In 1962, when George Winterling began as a meteorologist with Channel 4 television, broadcasts were black and white and reporting was live—no video tape. Prior to his 47 year career at WJCT, Mr. Winterling worked as a meteorologist with the National Weather Service in Jacksonville. In 1964, he accurately predicted Hurricane Dora would hit North Florida. He’s also known for creating a humiture index—how hot it feels—today used nationwide and beyond as the”heat-index.” Rainfall predictability was another Winterling creation. He recalls television’s earliest Jacksonville broadcasts in 1949. So eager to see more, later as a student of Florida State University, he mounted an antenna on the chimney and watched Bill Grove’s “Eye on the News” from Tallahassee. By the time he retired from Channel 4 in 2009, he was a Jacksonville institution. In this presentation, you’ll learn more about Mr. WInterling-known to all as George-and more about North Florida’s weather history.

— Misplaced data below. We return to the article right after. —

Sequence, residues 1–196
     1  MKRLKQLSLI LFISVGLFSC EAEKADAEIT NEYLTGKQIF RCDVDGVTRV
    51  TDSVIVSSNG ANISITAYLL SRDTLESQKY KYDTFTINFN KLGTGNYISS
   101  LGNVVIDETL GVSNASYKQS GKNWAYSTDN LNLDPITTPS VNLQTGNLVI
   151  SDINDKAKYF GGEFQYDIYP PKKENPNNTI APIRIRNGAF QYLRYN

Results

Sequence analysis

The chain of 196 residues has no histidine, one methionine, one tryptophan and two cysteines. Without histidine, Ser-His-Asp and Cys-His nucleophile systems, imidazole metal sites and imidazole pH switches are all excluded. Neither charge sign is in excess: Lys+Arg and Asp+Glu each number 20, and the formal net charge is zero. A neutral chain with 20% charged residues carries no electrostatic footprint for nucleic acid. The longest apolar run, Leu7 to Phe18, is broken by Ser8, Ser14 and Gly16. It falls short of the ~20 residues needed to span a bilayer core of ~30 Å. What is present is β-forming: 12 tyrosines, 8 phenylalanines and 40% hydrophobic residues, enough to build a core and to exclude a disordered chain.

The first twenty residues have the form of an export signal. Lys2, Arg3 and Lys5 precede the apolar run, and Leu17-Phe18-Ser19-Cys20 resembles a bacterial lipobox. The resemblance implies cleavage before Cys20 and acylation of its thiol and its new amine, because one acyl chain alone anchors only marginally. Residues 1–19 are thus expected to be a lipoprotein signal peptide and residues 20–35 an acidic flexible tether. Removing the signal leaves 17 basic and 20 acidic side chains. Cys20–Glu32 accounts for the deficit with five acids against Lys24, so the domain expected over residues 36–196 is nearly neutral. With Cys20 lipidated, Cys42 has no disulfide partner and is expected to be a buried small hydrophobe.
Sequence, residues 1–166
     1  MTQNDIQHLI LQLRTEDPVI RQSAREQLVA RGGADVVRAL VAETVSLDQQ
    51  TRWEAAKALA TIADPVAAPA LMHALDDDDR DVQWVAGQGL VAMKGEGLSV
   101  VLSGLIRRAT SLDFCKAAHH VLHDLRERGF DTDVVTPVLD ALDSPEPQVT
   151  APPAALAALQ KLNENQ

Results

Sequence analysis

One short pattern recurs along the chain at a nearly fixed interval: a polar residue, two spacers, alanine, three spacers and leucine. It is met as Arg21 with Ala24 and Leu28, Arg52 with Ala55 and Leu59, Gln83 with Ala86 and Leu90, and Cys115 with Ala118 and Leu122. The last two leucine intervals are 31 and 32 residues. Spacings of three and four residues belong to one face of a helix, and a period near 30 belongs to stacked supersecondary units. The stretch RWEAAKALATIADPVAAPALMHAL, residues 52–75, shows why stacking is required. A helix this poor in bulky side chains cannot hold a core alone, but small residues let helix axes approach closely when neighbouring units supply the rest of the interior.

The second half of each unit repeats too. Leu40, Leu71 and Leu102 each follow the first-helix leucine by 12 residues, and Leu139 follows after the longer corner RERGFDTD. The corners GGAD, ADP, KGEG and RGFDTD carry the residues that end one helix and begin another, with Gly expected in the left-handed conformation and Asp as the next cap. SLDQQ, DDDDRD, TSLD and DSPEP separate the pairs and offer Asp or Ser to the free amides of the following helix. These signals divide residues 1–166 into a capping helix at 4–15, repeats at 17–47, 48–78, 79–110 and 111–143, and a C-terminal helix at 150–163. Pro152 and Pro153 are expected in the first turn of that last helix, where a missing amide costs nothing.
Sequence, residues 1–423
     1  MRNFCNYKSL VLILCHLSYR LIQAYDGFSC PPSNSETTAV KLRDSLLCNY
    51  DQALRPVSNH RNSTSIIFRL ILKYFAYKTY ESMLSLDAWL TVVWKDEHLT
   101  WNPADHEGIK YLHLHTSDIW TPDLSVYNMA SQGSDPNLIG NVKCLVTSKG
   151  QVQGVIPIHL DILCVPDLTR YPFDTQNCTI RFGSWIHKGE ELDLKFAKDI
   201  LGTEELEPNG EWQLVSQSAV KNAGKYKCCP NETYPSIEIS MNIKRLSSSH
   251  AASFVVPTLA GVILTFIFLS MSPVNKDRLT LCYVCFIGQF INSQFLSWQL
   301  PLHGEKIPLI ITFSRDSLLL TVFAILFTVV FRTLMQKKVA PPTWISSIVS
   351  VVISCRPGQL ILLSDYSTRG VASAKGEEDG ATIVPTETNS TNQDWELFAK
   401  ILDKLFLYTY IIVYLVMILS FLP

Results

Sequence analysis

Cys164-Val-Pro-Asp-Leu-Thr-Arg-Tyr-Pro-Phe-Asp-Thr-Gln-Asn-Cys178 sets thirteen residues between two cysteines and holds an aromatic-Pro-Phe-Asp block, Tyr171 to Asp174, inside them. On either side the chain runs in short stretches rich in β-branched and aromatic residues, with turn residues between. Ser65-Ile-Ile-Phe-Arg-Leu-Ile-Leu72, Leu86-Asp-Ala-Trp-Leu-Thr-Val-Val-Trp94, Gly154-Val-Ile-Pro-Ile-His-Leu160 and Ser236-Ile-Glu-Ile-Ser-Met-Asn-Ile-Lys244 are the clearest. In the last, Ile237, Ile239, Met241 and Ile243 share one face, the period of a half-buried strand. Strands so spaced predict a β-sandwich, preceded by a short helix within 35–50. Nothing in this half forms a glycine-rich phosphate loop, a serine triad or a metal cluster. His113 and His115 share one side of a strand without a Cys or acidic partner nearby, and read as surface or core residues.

About the speaker
Born in New Jersey in 1931, George Winterling moved with his family to Jacksonville at age 10. He graduated from Lee High School. In 1949, he joined the United States Air Force and was sent to Weather Observers School at Chanute Air Force Base in Illinois. He eventually trained at Shemya Air Force Base in Alaska’s Aleutian Islands where he observed the Pacific’s killer storms. In 1957, he earned a meteorology degree from Florida State University and was employed for five years by the U.S. Weather Bureau (now called the National Weather Service) until he was pivotal in convincing Channel 4, they needed a meteorologist. A Mandarin resident, he married his wife Virginia in 1956.